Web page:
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Neural tube defects

10 May 2022

Neural tube defects are brain and spinal cord abnormalities which can be prevented by getting enough folate before and during pregnancy. Children with these defects need a lot of treatment and support, including surgery, physiotherapy and wheelchairs. Many professionals work with children who have neural tube defects.

Neural tube defects are problems that can occur when the neural tube doesn't form properly. This can affect any part of the tube, including the brain, spinal cord, and spine. Neural tube defects can happen during the first month of pregnancy, and experts don't know exactly why they occur. Some factors that may contribute to neural tube defects include genes and a lack of folate before and during pregnancy. The most common types of neural tube defects are spina bifida, encephalocele, and anencephaly.

Spina bifida is a birth defect that happens when the lower parts of the neural tube don't close properly during a baby's development in the womb. This leaves part of the spinal cord exposed and easily damaged.

In severe cases of spina bifida, the skin, muscle, and vertebral bones protecting the spinal cord nerves might all be missing. This can cause problems with walking, muscle weakness and loss of feeling, fluid pressure on the brain, and control of bladders and bowels. Children with spina bifida can also have difficulty with learning, attention, and memory.

Encephalocele is a birth defect in which the skull doesn’t form properly to protect the brain. This can lead to part of the brain bulging out. This is because the top of the neural tube hasn’t formed properly.

Babies with severe encephalocele might not survive beyond the first day of life.

Children with mild forms of encephalocele might have intellectual disability, cerebral palsy, seizures or other difficulties.

Anencephaly is a birth defect in which a baby's brain and skull do not fully develop. Most babies born with anencephaly die shortly after birth.

Folate is essential for the development of the brain, spine and nerves. It can help to prevent many neural tube defects if taken before and during pregnancy. The recommended dose is 0.5 mg of folate every day, but people who are at a higher risk for having a baby with a neural tube defect may need to take a higher dose. Folate is safe and present in our diet, especially in green leafy vegetables, liver and wholegrain cereals. Taking folate supplements before and during pregnancy can help to prevent neural tube defects. Doctors say that you should start taking folate as soon as you decide to try getting pregnant so that your baby’s spine and brain have already started developing by the time you find out you’re pregnant. If you’re at higher risk for having a baby with a neural tube defect, be sure to talk to your doctor about how much folate you should take.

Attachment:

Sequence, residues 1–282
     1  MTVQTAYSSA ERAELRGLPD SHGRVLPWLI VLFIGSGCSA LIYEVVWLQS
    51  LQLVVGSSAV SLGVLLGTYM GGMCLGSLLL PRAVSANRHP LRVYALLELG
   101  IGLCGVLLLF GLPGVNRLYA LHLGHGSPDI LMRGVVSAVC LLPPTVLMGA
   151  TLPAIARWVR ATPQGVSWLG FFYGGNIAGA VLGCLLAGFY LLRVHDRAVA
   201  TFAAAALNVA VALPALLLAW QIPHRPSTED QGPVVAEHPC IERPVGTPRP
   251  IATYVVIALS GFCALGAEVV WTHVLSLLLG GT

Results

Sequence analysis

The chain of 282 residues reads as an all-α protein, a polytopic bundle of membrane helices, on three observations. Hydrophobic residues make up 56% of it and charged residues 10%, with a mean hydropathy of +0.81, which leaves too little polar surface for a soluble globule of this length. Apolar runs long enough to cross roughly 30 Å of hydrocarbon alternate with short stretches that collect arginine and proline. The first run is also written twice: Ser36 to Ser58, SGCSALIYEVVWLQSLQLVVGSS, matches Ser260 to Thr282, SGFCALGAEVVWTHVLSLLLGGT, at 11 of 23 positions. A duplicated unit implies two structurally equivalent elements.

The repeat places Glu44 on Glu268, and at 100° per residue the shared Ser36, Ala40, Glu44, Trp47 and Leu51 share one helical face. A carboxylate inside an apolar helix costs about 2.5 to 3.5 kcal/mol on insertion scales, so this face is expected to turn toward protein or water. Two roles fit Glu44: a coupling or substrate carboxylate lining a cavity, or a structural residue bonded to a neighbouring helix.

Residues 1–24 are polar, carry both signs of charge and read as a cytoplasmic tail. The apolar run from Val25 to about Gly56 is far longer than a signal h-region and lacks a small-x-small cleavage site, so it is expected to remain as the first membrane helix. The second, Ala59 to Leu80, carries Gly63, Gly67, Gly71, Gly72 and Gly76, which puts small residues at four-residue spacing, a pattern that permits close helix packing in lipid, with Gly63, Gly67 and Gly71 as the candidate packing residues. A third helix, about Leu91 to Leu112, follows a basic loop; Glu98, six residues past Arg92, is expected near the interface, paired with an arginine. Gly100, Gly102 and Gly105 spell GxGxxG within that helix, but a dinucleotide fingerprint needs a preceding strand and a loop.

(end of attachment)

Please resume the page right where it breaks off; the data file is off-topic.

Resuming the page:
Neural tube defects can be hard to detect, but often show up during a standard ultrasound scan in the 20th week of pregnancy. In some cases, the condition may not be diagnosed until after the baby is born. If there are visible signs of the condition, it will help professionals make a diagnosis.

Neural tube defects cannot be cured, but children with these defects can have treatments and therapies to manage their condition and improve their quality of life. Treatment depends on the specific conditions and symptoms that the child has. For example, children with spina bifida might need surgery to repair the opening in the spine. Babies with encephalocele always need surgery to repair the opening in the skull.

Children and teenagers with spina bifida and encephalocele often need a lot of other treatment and support, which might include physiotherapy, wheelchairs or braces, or tubes (called catheters) to help empty their bladders. Although they face challenges, many people with spina bifida and milder forms of encephalocele go on to live active, independent lives.

If your child has a neural tube defect, it is important to look after your own wellbeing and get support for yourself too. If you are physically and mentally well, you will be better able to care for your child.

If your child has a neural tube defect, you and your child might work with some or all of the following professionals:

continence nurse


occupational therapist

orthopaedic surgeon



social worker


The National Disability Insurance Scheme (NDIS) might support your child with a neural tube defect, as well as you and your family.

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